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mhendric

321 karmaJoined Apr 2018

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The Ballad of Smallpox Gone is my favourite EA song. It's a banger, with great lyrics and reasonably easy to perform. 

Doing good Better has some estimates on the effect of individual consumption choices on animal production, and takes them to be positive. I think its widely believed that they matter - raising animals costs money, and if corporations sell less animal products, they will produce less animals.

I have no especially interesting answers to the healthcare question.

Both actions will be much less effective than e.g. developing a regular donation habit, getting a good degree and choosing a world-improving career etc. But I don't think its healthy (or common!) for EAs to focus only on the most life-saving choices in their lives. Many EAs are vegan because they (rightly!) think it is just wrong for animals to be held in horrible conditions. Many EAs donate blood because they (probably rightly) think its an easy and positive way to help someone. I think its a good practice to not only focus on the highest-impact choices, but also to aim for a lifestyle in which we can integrate some lower-effort prosocial habits that one believes holds moral value.
 

I'd prioritize veganism. You may want to look into iron supplements (and generally supplement strategies for vegan diets), regardless of the blood donation issue - your health is of great importance.

Thats interesting - I know of similar arguments in e.g. wartorn countries like Ukraine. If those hold up to scrutiny, donating blood in these countries would indeed be shockingly effective. 

Yes that seems right. I'd argue that a good consequentialist should devote quite some time to their character - it will affect their future behaviour and consequences thereof, after all! 

Whats the point of resuscitating a stranger with an emergency while in your absence, another person may have done it? It is good to help; it may save the strangers life (even if someone else would have saved them in your absence); it builds character etcetc. It also saves money for the hospital!

"Does that mean there is no value in blood/platelet donation?" Of course not, I don't know why you would think that I hold that position. Do donate! I donate myself.
 

"Also, it is said that life-saving surgeries have been postponed due to lack of blood/platelets. I guess it is hard to say if the postponement results in death." I did not spot that in the source!

"Furthermore, I'm not entirely sure the shelf-life of blood/platelets is even long enough for there to be an importation from another country (ig it depends on the country)." The US is the biggest importer of blood, with roughly 20% of global imports going to the US. https://trendeconomy.com/data/commodity_h2/3002

Why do blood donation groups incentivize blood donation? I am not as familiar with the US; in Germany it is much cheaper to acquire blood by paying a donor $50 or giving them some food and drink than to buy it elsewhere. The Red Cross in Germany, to my knowledge, gives donors food and drink and then sells the blood to hospitals to make some money for their other charitable ventures.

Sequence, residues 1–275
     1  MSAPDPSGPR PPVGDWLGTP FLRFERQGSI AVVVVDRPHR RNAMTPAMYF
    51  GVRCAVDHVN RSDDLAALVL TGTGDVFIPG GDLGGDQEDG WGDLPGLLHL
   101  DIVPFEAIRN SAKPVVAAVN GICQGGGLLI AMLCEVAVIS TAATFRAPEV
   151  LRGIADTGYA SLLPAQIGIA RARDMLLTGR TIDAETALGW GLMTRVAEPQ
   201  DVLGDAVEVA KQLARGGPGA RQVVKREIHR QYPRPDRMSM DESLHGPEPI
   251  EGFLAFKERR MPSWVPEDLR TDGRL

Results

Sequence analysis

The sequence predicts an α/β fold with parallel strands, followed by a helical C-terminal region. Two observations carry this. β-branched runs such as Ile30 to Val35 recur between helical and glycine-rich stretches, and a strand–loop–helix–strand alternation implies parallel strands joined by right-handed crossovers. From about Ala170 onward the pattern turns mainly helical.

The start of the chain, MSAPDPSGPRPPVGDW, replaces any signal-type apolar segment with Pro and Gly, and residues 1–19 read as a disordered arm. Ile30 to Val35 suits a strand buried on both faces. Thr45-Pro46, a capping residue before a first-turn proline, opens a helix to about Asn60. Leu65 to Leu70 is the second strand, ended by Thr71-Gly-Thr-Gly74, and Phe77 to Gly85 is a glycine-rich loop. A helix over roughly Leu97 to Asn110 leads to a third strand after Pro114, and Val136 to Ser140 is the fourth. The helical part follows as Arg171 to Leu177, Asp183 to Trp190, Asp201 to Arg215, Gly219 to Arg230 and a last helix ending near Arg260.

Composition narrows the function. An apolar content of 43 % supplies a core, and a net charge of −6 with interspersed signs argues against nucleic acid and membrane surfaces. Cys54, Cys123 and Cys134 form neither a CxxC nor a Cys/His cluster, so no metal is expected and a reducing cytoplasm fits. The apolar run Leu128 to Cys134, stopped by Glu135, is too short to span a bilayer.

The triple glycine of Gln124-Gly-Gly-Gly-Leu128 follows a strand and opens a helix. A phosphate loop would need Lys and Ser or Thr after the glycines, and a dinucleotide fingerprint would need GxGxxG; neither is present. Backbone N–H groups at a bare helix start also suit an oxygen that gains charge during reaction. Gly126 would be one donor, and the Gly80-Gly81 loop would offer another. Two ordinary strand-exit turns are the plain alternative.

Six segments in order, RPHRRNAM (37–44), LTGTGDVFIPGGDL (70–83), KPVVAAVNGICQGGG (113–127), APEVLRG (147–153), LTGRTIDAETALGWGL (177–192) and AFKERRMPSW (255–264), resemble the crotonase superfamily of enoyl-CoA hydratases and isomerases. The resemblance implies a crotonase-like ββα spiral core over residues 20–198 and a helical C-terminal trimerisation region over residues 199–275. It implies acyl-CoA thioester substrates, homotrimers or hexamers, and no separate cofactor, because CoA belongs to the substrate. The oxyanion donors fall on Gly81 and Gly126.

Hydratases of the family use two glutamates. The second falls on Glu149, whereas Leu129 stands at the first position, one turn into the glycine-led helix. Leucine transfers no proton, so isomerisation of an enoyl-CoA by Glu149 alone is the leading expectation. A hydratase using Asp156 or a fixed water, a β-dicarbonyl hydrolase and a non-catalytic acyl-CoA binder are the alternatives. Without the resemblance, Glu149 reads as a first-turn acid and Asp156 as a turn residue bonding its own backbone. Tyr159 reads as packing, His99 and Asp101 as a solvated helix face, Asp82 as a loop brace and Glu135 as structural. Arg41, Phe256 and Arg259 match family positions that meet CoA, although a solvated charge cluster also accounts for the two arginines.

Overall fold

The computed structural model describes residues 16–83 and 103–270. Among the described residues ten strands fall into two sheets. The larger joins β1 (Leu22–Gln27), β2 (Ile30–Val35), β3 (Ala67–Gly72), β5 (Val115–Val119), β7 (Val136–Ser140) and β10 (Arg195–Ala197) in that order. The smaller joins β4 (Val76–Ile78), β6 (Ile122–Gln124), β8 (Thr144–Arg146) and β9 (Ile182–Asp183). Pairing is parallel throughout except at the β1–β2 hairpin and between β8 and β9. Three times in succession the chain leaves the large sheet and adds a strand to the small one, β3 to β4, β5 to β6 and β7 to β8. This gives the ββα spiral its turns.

Again, I do think it is good to donate blood! You should donate blood. I should donate blood. Others should donate blood. 
I do not think it is probably the current most effective altruism.  
 

If one donation would save a life, I would expect the news updates to be different, e.g.
"People are dying left and right from a blood shortage"
and to see a significant spike in mortality in the US. 
I also would be surprised if such a problem could not be addressed by e.g. US health providers importing blood from other countries, which countries do quite routinely in times of shortages, to my knowledge.
I am not aware of any of these. 

Generally, I take it that the burden of proof for effectiveness should lie on the new intervention. If you want people to switch from e.g. supporting AMF to e.g. supporting blood, you should provide compelling evidence. I don't think the above is sufficient as compelling evidence. It lacks crucial information (e.g. how many people are dying from a shortage right now? how much of a shortage is there? what alternative means are being used to avert a shortage? has there even been one death yet directly caused from said shortage? how much does my donating alleviate this shortage? what is the % chance of my donation saving a life that would otherwise be lost due to the shortage?), and rests more on abstract vibe-based back-of-the-envelope calculations, rather than an explicit attempt at establishing the value of blood donations (which, I think, would be a lot of work but also be a valuable thing for the forum!).  

This source helps me see that now is a time where blood donations are especially needed, but it does not give me the means of evaluating that it would be more effective than alternative courses of action. Thank you for adding it in comments and post!

I don't mean to be discouraging, but it would help me greatly if you added some sources to the post and/or added some explanation of how this qualifies as "probably the current most effective altruism". In its current form, I find this quite unconvincing. While I do donate blood, I don't think it's a priority over other work, and superficial googling did not convince me that it should be.

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